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WHAT THE TEACHERS WANT – The Potential for Peer Coaching

Sudha Koppula[1], Oksana Babenko[1]

Institution: 1. Department of Family Medicine, University of Alberta
Corresponding Author: Dr Sudha Koppula ([email protected])
Categories: Educational Strategies, Teachers/Trainers (including Faculty Development), Teaching and Learning
Published Date: 13/03/2019


Introduction: Faculty development offerings are appreciated by physicians who teach as part of their lifelong learning strategy. However, traditional formats of faculty development present challenges for participation. These teachers also appreciate feedback on their educational activities but are frequently limited by receiving only feedback from learners, which while valuable, have their limitations. 

Program: A peer coaching program was developed in order to provide teachers with another source of feedback. Limitations and important considerations of such a program are described. 

Conclusion: Although limitations exist, this peer coaching program has potential as a faculty development program that addresses needs and barriers of physician teachers. 

Keywords: faculty development; peer coaching; program description; feedback on teaching


Engaging in teaching is arguably one of the best ways for physicians to contribute to their lifelong learning strategy. In medicine, teaching can occur in different domains (e.g., clinical environments, classroom settings) and with various audiences (e.g., medical learners, patients, other health professionals). [Walsh et al. 2015] Even though there are differences in teaching in clinical and nonclinical settings, some principles are common to both (e.g., setting objectives, determining learner understanding, and considering learner questions).

Physicians generally find faculty development offerings to improve their teaching to be valuable, but traditional formats such as in-person workshops can be challenging logistically (e.g., travel and participation outside of work hours can be unworkable).

Teachers also want more feedback on their teaching for professional development. Mostly, teachers receive feedback from their learners, which is valuable but limiting as learners represent only one feedback source. Furthermore, feedback from learners is generally not provided in a timely manner, and teachers may experience uncertainty if learner feedback is unclear or non-constructive. Also, there is no opportunity for teachers to clarify misunderstandings if feedback is provided anonymously.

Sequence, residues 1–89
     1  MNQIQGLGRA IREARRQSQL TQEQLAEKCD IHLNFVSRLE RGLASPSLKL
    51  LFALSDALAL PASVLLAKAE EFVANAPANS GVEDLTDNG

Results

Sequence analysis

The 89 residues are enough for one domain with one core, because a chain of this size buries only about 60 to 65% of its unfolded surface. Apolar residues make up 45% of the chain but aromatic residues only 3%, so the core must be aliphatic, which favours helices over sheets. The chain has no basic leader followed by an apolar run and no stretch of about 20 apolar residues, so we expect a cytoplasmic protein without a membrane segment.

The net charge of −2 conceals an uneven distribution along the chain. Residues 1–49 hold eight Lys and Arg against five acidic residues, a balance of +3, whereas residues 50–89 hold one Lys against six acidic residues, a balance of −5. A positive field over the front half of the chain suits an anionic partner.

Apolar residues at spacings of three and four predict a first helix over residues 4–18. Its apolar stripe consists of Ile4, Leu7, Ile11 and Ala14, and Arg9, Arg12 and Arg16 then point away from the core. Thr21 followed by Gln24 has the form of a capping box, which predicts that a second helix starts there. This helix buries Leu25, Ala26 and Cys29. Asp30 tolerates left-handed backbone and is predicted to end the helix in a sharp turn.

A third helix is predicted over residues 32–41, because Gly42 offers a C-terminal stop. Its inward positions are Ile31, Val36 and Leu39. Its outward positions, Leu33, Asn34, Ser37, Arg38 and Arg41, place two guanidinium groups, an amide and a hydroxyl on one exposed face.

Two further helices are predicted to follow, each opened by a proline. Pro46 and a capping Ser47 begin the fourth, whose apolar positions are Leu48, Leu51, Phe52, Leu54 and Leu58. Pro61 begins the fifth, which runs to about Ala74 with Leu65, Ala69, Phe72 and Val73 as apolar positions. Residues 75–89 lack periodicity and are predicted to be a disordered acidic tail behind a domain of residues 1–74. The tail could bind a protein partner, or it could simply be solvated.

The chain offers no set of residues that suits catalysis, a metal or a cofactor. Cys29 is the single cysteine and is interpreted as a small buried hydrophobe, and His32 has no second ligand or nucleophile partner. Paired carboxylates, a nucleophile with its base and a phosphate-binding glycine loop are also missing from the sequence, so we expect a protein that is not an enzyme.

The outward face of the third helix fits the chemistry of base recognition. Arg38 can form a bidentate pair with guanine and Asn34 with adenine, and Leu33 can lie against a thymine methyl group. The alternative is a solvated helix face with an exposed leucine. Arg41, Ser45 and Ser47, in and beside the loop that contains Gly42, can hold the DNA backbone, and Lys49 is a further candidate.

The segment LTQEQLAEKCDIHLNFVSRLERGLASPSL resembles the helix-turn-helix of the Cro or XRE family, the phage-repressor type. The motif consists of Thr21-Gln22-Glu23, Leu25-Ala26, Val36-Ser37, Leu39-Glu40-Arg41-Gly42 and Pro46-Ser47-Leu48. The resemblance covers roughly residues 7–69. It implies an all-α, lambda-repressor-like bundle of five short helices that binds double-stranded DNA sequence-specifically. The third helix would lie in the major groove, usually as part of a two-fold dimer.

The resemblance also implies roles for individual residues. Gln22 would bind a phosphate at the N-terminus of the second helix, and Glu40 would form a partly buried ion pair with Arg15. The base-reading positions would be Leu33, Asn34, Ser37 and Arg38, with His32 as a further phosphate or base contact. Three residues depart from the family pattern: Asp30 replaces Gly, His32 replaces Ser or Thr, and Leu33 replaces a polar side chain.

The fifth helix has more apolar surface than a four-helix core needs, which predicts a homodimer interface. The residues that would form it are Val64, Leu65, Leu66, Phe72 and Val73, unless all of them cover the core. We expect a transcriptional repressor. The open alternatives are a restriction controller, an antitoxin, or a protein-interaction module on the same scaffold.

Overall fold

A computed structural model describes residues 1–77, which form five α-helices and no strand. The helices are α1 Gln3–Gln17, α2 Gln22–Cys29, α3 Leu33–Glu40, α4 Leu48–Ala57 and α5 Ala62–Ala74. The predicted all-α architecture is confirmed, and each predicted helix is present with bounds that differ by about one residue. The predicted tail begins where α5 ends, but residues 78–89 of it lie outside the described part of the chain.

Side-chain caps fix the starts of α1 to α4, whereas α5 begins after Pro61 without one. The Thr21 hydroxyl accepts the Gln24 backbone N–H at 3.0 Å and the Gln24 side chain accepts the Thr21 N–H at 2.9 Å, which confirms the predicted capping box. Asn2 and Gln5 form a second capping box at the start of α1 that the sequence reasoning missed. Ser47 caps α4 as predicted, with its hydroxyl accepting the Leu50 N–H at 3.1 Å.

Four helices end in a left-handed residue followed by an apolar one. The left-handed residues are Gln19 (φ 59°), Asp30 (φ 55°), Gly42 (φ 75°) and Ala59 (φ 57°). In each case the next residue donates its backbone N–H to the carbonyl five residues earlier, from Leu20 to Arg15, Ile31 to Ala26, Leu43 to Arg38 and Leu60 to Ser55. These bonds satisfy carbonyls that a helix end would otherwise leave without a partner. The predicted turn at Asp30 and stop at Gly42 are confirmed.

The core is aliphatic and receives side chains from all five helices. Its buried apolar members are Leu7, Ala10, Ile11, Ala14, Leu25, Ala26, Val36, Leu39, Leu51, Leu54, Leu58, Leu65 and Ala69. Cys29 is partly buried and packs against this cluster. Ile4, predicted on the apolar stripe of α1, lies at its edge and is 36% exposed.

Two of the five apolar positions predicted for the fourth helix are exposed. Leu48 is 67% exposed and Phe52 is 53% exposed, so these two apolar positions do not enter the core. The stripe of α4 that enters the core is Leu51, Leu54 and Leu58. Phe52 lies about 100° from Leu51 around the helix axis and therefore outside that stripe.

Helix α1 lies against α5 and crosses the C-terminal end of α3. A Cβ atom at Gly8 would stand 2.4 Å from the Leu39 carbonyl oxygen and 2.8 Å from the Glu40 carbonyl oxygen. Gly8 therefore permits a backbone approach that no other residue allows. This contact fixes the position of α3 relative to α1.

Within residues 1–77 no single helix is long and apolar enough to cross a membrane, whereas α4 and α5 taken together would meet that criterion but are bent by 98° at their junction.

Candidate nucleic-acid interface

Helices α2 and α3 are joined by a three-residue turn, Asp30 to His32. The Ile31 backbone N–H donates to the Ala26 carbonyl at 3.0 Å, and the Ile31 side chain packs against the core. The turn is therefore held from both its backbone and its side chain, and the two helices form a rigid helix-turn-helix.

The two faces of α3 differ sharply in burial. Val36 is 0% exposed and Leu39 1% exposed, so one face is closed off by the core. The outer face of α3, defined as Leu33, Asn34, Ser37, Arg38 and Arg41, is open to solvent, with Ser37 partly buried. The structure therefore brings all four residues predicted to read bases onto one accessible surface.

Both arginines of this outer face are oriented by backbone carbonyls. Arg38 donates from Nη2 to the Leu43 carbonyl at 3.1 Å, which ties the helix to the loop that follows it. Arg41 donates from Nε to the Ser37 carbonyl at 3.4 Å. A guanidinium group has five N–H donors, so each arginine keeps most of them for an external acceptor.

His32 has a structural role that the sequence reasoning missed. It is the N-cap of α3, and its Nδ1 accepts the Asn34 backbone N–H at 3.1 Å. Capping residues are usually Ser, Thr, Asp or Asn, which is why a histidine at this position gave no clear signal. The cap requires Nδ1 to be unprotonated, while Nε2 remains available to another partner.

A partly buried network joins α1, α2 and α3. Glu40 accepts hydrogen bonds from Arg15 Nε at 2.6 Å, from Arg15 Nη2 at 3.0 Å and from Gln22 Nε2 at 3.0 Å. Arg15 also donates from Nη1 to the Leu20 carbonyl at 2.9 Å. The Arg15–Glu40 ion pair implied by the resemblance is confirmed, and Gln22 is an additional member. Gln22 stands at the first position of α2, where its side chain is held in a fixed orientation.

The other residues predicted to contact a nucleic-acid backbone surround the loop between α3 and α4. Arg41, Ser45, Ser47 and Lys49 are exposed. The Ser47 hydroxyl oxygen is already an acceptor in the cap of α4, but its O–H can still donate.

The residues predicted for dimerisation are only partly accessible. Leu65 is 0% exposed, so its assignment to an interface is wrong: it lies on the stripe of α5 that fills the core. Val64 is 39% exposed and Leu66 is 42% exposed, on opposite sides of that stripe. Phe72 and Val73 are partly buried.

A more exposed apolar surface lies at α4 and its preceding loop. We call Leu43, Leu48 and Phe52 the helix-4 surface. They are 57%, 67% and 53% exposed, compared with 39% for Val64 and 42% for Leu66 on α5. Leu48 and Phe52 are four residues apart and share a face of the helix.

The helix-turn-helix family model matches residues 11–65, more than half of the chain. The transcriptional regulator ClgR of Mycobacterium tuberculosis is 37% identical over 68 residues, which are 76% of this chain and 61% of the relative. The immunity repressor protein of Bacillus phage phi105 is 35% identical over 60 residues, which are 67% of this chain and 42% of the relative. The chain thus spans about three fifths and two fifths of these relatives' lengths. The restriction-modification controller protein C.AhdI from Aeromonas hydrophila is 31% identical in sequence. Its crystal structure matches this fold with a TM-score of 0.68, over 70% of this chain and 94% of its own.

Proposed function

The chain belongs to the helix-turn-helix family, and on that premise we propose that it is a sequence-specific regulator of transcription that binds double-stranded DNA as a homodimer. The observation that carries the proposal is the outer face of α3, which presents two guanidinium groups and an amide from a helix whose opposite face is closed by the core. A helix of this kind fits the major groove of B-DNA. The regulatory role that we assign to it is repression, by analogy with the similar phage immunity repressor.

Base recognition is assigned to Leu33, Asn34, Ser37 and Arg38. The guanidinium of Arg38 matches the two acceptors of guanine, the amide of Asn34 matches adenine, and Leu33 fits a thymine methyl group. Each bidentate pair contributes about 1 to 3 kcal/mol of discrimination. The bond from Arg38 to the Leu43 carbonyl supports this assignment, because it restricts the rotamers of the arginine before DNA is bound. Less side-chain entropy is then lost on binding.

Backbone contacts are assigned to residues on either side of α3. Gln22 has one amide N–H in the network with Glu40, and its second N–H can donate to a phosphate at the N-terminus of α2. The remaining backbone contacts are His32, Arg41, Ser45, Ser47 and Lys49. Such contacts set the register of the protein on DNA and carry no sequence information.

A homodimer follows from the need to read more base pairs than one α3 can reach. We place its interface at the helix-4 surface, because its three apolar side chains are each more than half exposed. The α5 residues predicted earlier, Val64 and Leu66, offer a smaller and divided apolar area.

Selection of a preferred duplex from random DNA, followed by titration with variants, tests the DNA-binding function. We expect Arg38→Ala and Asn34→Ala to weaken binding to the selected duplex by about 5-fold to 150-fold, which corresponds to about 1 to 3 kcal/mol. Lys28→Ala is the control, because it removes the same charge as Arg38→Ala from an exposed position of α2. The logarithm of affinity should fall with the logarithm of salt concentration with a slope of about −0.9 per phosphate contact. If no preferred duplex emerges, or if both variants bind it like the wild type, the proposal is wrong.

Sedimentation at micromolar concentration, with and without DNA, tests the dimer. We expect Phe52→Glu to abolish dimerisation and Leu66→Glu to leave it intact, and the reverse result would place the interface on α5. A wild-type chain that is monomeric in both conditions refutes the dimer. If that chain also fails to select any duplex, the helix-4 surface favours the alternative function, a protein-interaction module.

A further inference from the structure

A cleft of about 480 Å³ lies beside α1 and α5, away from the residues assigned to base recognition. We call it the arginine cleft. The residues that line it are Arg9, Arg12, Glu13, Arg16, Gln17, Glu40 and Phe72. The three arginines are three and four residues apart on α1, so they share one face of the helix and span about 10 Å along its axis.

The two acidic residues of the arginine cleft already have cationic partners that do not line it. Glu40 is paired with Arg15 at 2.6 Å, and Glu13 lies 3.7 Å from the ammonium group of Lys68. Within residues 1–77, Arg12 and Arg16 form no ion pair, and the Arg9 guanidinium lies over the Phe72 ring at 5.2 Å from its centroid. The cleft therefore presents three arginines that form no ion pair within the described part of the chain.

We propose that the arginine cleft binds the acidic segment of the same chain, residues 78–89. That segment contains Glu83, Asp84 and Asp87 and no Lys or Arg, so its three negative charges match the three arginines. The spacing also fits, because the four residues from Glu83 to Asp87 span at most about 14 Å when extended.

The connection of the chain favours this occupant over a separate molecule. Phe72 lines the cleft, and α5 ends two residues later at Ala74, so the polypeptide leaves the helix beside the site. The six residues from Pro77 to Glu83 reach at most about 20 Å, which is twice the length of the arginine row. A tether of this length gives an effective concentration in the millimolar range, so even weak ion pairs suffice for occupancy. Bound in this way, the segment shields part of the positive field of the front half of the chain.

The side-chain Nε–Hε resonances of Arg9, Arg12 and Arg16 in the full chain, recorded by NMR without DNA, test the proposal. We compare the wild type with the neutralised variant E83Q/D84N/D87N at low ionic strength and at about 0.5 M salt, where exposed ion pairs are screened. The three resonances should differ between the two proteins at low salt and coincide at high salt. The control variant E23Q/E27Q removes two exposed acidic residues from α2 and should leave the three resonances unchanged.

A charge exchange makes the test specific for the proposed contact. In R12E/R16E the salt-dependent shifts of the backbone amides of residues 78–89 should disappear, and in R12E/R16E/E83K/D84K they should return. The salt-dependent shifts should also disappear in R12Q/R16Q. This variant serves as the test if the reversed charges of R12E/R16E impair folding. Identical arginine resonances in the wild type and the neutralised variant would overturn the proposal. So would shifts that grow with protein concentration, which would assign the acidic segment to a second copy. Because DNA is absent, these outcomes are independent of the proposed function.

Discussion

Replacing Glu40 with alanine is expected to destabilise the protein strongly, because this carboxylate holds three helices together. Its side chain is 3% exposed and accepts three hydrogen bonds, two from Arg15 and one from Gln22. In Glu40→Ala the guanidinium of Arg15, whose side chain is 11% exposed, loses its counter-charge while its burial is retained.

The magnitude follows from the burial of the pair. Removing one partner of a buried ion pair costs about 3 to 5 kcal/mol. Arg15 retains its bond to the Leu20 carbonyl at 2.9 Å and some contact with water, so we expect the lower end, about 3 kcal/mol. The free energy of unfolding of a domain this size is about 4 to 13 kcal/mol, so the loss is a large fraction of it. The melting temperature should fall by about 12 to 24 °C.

To address these barriers, we sought to provide faculty development that is valued by physicians, while making it accessible to them. By considering a format change from workshops, we were able to eliminate travel and personal time investment for teachers and offer them an additional source of teaching feedback. Therefore, we developed a peer coaching program to allow physicians to engage in faculty development while avoiding perceived barriers.

Peer coaching is a program in which a teacher (coach) attends a teaching session conducted by a fellow teacher (peer) to observe their teaching and provide collegial feedback to them. Peer coaching can take place in a clinical or nonclinical setting. We developed and initiated a peer coaching program specifically in a nonclinical setting.

We offered peer coaching to physicians who were to teach sessions or deliver presentations at a well-known regional conference. This was done via an email invitation introducing ourselves as their potential faculty coaches. As these physicians were already preparing for their conference presentations and sessions, there was no additional work or travel for them to participate in the peer coaching program; we also emphasized the development of teaching skills using feedback from the peer coach.

A report for each peer coaching episode was written by the coach and provided only to the teacher for their own use, including self-reflection, discussion with the peer coach, a trusted colleague or mentor. It was also suggested to teachers that they could claim this peer coaching activity for educational credits and enter it in their annual academic reports. The report template is shown in the Appendix.

Success of such a program in nonclinical settings is dependent on ensuring an adequate number of trained peer coaches and teachers’ willingness to participate in peer coaching. The program must ensure that teacher-identified barriers to participating in peer coaching are addressed and emphasize peer coaching as a collegial activity. Such a program is challenging to evaluate as peer coaches receive limited feedback, mostly because of the subtle nature of the peer coaching activity itself. Teachers are mostly thankful to the peer coach upon receipt of their peer coaching report.